On July 22, 2014, Studio Scribes took time to reimagine classic fairytales. Reimagining classic fairytales allowed our creativity to run wild! Although we kept key points to the plot the same; we revised classic fairytales like Snow White & the Seven Dwarfs to Snow White & the Seven Cats. We crafted one of a kind fairytales that were far different from their original forms.
If you missed this past workshop, do not worry! We will have our last Studio Scribes workshop of the summer will be on Tuesday, August 5 from 2-3 p.m. Don’t forget to invite your friends!Written by Karen M., YTC Intern
We’ve all seen the movies with Robots Of Unusual Size going through inconceivable obstacles to prove that, after all, they were only mostly dead. Then reality sets in: it’s only science fiction, after all: none of this is real, or it’s all too hard. Just like that, imagination dies.
Tell that to Leonardo da Vinci. You know him from painting the Mona Lisa, and numerous other inventions. Living nearly two and a half centuries before Benjamin Franklin’s electrical experiments, Leonardo designed a robot … without electricity. Although he never built it, scientists who read his journals did finish the robot. It worked.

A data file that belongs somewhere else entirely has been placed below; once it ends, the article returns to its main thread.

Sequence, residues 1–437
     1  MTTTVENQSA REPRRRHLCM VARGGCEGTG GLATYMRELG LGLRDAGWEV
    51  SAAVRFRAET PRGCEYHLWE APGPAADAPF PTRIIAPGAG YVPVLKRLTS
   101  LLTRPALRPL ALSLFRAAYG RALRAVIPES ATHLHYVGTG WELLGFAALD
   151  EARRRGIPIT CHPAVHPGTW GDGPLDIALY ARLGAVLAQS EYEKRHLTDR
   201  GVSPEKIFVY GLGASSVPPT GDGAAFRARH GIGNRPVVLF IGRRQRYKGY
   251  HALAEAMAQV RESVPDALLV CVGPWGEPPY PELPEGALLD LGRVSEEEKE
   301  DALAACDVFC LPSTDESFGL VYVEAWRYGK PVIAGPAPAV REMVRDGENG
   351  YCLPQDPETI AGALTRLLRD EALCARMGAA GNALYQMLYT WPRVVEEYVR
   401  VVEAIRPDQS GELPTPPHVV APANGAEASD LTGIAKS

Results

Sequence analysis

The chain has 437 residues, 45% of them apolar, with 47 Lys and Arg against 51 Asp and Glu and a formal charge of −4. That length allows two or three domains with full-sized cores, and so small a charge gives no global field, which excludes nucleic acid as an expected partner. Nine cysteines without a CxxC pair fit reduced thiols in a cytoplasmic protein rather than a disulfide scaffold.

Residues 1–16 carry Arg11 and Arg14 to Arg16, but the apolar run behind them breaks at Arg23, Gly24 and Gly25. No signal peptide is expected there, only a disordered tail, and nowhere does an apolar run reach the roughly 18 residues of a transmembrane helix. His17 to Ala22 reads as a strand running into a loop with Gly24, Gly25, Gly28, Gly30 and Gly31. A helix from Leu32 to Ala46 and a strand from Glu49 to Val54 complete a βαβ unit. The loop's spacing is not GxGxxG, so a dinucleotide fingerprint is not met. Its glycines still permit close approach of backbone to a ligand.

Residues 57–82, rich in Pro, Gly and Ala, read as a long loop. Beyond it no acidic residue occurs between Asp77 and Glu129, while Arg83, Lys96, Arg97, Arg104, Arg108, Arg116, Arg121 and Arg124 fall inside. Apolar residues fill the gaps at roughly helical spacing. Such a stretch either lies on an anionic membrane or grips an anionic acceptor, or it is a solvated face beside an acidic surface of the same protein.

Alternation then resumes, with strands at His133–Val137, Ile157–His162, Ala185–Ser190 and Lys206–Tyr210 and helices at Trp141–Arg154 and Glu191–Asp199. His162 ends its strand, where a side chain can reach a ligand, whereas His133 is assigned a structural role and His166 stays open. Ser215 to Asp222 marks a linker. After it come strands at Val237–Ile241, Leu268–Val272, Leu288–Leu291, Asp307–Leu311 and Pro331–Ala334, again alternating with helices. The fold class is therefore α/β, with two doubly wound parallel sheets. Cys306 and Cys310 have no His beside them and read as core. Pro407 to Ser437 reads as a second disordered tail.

Guess what? Da Vinci was, at first, bad at English and Math. Well, Latin, anyhow (which was the English of the time… and easier, in this author’s opinion). He lacked a formal education in these things, and so his writings were ignored by more “serious” scientists of the time. He was nearly 40 when he had the chance to study math under a real teacher.
Leonardo didn’t let his own limitations get in the way of his imagination: he found ways around them. He never had electricity – he never even built the robot he designed – but he knew what he was doing, and it worked.
The next time you watch one of those movies and think, “those effects are unbelievable! This would never happen in real life,” take a moment to think of people like Da Vinci. With enough time, you could even be creating those blockbuster robots.
Written by Chris B., YTC Intern
In case you missed it…
Tuesday was our big Open Mic/ Photography Showcase event here at Central! Many young and talented performers graced the stage with their original comedy skits, beautiful manga-styled drawings, and heartfelt singing performances. But that’s not all…
As we delved deeper into the evening, “rocking the crowd” suddenly turned into a family affair as one of our talented young musicians brought dad and uncle with him to the stage… and they killed it! And to top the night off, the audience also had the pleasure of being wowed by some amazing photo shoots that were all taken by our very own teen photogs who participated in this summer’s photography workshop!
This was certainly a night to remember and in case you’re feeling that you might’ve missed out this time, no worries! Just be sure to stay tuned in for our upcoming summer and fall programs as well as be on the lookout for our next talent showcase event!
Lost in Wonderland- A photo from a concept shoot taken by Makayla and Izzy
- 1 of 52
- Next ›